Networking in Vancouver
Report on the XI International Conference on AIDS July 7-12, 1996.
NSWP members first gathered on the Sunday evening beginning the AIDS conference at Cheryl's and Paulo's hotel room to pull togther those who had been able to make it and mingle wth members of the Sex Workers Alliance of Vancouver (SWAV) Ken, Will, Simone De Boudoir, and Julian. Having an international AIDS conference was a great experience for local people involved with SWAV to see the conference and hear some of the global issues concerning AIDS and sex work. The small room was full with members and aquaintances.
Structuring the NSWPIn an in promptu NSWP meeting at the booth, which included Jan Visser of TAMPEP, Cheryl Overs, Pia Covre, Andrew Sorfleet, Beth Wolgemuth, Priscilla Alexander. We discussed the structure of the NSWP. Concern over the lack of structure as a means to ensure accountability of the network was raised. Cheryl was pointed out that there was little to be accountable for, since the NSWP has no budget; it was unnecessary to evolve from the NSWP's current organic structure. Andrew pointed out that there are two reasons to have a formal structure: to formulate official policy statements, and to incorporate to receive public funding. Andrew also said that he saw the network more as a information service, people gather and contribute information to it and the NSWP makes the information available. Two projects that build in this direction is the publication of Making Sex Work Safe, and a website. It is not necessary to formulate a formal structure at this time.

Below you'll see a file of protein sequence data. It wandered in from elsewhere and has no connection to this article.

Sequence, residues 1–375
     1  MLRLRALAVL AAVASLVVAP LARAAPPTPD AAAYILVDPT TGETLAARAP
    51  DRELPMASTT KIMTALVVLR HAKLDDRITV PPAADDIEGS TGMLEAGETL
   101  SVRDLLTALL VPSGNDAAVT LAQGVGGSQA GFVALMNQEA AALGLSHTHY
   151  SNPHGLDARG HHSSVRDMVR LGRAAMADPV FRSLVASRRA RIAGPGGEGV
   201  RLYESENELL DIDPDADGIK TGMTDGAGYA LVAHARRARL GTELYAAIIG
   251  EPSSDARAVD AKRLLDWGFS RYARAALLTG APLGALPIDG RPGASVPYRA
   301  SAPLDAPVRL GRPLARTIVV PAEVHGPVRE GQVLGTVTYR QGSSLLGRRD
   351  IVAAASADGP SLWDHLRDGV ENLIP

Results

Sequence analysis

At this discussion about accountability, people also voiced concerns raised to them by other NSWP members about International Congress on Prostitution, in March, 1997, (sponsored by COYOTE Los Angeles and The Center for Sex Research, California State University) and the NSWP sponsorship of a pre-conference for sex workers. Early drafts of proposed agendas were full of problems from an international persepective and some sex workers from developing countries expressed strong dismay about not being consulted particularly since the conference is claiming crediblity as an international conference while doing nothing to assist sex workers from developing countries to get to LA.
The USA prohibits sex workers from entering and it could be very dangerous for sex workers to do so. We agreed some strategies which include arranging the agenda for the pre-conference in situ and seeking an immigration waiver and for a letter to be sent to the conference pointing out the problems. Concerns were expressed that the conference, which will be predominantly American, will undertake tasks for which a global mandate is required such as revising the Charter for the Rights of Prostitutes or recreating the International Committee on the Prostitutes' Rights (which had existed previously and had American directors) Cheryl said that the NSWP has taken on activities like this in the abscence of an ICPR and that we do need a new ICPR (she agreed that it should be properly constituted in respect of sex worker and southern participation -- no, not Georgia, south of the equator!).